Are Singapore’s latest property measures too much too soon?
Singapore’s new policies aimed at tempering house-price gains were the latest government effort to address a growing lack of affordability in cities worldwide.
For decades, plans in Singapore to develop a truly island-wide office market have moved more slowly than anticipated.
But there are new signs that districts outside the main business center are becoming more competitive.
Take Payar Lebar Quarter, east of the current business district towards the airport, and one of many envisaged commercial clusters. Spearheaded by Lend Lease, the mixed-use development will have retail, residential and public space as well as offices.
“Mixed-use projects in decentralised office markets here will offer a lot more to lure occupiers,” says Chris Archibold, Head of Markets at JLL Singapore. “Occupiers like mixed use developments as they offer more amenities to staff,” he says.
The Singaporean government has been pushing for decentralisation since 1991, with the objectives of “bringing work closer to home, alleviating congestion and relieving pressure on the supporting infrastructure of the CBD,” says Tay Huey Ying, head of research and consultancy at JLL Singapore.
Other jurisdictions, such as Hong Kong, have also sought the same goal. Archibold notes Swire Properties had great success there with Taikoo Place, a 6.5 million sq ft office development in Quarry Bay in the east of Hong Kong Island, which also features hotel, retail and F&B uses.
In Singapore, the pace of expansion thus far has been more limited by factors such as supply, and cost.
In recent years, development has focused on the CBD, where far more Grade A office space has been added. This include the development of close to 3 million square feet at Marina Bay Financial Centre, nearly 2 million square feet at Marina One, and the rejuvenation of older office buildings in Raffles Place.
The ratio of Grade A stock in the decentralised sub-market to the CBD tightened from 1:5 in 2007 to only 1:11 by 2017, according to JLL.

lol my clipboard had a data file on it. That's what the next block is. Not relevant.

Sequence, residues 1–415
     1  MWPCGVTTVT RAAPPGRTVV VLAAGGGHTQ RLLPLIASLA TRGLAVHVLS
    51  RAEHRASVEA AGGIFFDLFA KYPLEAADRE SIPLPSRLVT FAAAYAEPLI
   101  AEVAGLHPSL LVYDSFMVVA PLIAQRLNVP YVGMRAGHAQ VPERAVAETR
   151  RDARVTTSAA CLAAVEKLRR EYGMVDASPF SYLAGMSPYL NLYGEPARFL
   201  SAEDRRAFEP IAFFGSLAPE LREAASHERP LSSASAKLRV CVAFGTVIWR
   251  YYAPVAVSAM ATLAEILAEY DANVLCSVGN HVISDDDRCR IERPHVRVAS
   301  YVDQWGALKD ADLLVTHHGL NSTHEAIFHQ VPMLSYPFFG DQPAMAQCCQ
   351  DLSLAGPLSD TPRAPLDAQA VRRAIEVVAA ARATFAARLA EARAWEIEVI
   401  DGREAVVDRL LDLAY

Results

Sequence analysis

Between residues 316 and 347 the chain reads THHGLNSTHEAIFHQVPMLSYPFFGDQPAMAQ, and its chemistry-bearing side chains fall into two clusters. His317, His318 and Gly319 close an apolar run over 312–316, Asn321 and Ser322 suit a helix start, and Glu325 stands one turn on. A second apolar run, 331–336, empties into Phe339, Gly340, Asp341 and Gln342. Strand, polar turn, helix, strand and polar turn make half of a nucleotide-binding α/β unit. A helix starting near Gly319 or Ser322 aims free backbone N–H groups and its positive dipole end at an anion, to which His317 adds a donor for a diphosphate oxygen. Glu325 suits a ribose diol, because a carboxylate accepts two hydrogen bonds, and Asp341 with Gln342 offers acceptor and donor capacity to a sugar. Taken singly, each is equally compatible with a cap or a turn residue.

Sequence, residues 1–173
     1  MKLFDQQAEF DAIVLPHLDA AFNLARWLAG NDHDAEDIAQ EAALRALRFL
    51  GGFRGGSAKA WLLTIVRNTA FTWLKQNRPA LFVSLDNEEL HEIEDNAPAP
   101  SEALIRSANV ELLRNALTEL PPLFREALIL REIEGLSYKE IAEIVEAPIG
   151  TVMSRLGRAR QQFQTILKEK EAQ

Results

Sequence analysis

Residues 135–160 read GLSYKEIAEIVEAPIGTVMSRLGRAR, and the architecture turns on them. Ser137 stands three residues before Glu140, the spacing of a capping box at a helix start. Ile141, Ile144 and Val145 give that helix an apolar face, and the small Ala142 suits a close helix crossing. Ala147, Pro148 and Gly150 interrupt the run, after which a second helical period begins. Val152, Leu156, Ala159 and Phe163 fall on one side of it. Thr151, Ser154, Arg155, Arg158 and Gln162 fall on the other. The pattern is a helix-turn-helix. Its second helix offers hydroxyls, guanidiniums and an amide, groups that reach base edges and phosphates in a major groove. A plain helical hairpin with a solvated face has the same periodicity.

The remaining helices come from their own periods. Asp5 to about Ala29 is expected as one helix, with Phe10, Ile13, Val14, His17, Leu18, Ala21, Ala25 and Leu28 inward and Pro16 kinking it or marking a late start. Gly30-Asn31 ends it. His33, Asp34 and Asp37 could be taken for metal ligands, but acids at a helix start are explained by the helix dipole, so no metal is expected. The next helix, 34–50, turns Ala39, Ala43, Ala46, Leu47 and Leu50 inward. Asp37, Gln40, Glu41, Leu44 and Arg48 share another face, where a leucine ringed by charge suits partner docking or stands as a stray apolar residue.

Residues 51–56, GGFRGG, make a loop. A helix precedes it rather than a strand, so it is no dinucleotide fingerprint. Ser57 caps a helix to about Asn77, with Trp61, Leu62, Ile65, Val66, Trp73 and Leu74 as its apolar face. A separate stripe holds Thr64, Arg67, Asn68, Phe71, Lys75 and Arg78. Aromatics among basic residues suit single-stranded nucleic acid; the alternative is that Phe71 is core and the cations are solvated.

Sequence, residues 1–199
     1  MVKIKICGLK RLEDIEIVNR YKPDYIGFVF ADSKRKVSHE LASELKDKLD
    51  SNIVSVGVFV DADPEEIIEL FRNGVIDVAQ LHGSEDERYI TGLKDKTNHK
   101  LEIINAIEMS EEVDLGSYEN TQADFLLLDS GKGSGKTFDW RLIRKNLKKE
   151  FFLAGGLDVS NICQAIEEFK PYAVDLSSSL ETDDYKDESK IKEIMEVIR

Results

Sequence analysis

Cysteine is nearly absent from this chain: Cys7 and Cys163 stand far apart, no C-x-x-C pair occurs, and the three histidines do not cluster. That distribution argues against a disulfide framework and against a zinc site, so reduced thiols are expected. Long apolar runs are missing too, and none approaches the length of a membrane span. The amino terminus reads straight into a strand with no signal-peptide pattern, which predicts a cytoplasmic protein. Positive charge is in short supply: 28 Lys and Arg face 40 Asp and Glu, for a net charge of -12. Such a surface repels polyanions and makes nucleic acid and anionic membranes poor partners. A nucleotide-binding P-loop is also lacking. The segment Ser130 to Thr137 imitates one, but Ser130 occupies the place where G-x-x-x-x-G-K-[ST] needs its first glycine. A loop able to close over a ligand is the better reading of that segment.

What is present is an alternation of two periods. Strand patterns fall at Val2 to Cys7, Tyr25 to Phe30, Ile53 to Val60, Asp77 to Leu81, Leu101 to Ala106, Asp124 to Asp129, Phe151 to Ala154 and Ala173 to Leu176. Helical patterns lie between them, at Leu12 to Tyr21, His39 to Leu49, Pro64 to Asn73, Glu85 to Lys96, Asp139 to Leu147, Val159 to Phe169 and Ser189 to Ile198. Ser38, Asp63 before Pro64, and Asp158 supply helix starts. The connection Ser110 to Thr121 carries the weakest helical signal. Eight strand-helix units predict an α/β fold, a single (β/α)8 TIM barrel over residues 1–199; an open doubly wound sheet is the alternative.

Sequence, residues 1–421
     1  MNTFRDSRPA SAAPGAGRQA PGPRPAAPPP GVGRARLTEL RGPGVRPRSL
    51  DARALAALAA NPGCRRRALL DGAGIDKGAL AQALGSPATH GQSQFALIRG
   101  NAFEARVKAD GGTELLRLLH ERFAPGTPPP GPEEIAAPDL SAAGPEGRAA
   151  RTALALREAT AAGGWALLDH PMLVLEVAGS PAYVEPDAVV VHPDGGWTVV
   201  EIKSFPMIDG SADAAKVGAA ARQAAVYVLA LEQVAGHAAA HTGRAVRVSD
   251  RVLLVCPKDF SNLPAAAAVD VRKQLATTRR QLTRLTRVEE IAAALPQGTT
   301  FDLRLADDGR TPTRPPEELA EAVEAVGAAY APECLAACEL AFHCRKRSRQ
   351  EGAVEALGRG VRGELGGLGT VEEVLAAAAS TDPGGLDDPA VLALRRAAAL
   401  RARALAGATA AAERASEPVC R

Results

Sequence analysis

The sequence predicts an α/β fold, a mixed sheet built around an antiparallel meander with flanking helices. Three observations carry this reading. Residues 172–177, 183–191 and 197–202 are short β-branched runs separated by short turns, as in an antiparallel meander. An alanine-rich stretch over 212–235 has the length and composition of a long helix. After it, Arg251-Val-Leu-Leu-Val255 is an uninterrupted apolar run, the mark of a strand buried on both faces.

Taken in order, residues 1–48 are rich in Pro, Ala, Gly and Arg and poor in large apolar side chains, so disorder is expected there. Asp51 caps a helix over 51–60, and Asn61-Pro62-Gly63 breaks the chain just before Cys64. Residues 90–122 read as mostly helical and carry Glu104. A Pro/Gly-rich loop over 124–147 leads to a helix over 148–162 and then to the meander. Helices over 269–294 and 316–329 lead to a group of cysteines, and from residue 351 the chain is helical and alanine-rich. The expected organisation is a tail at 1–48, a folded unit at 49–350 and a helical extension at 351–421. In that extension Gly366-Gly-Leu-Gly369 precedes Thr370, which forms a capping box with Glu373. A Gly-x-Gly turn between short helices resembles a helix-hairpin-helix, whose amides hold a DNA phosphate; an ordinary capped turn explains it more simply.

In term of cost, the difference between the CBD and outer districts just isn’t enough for some companies, which prefer the prestige of the main financial district, Archibold says. The rental gap between the two sub-markets narrowed to 40 percent in 2017 from 56 percent in 2007.
Archibold says this differential isn’t sufficient, suggesting a savings of at least 50 percent is likely needed to encourage companies to move out.
In Hong Kong, office occupiers can make a 70 percent saving on their rent by relocating to Kowloon East from the CBD. “They are also more likely to find larger floorplates and more modern space,” Archibold says.
However, lower office costs are not the only benefit that decentralisation in Singapore brings. Rents in decentralised office space tend to fluctuate over a smaller range than CBD offices. This stability is a boon for business planning.
Furthermore, while travel to Singapore’s CBD is much easier than in many rival cities, it is still relatively congested. Growing other working districts will relieve pressure on roads and public transport. Shorter journeys for office workers also mean less use of resources and less pollution.
However, part of the problem for Singapore’s decentralised office districts is that the CBD offers good value, with Grade A office rents competitive both regionally and globally.
The latest edition of JLL’s Premium Office Rent Tracker shows Singapore to be the 26th most expensive of 54 prime office locations worldwide tracked by the research (Q3 2017 data). Singapore is not just cheaper than Hong Kong, but cheaper than Tokyo, Beijing, Shanghai, Shenzhen and Seoul.
While a hindrance for decentralisation, it’s good for the city-state’s business environment.
“Office space in Singapore is cheap for the quality that occupiers get,” he says. “We are a regional and global financial centre, but offer good value.”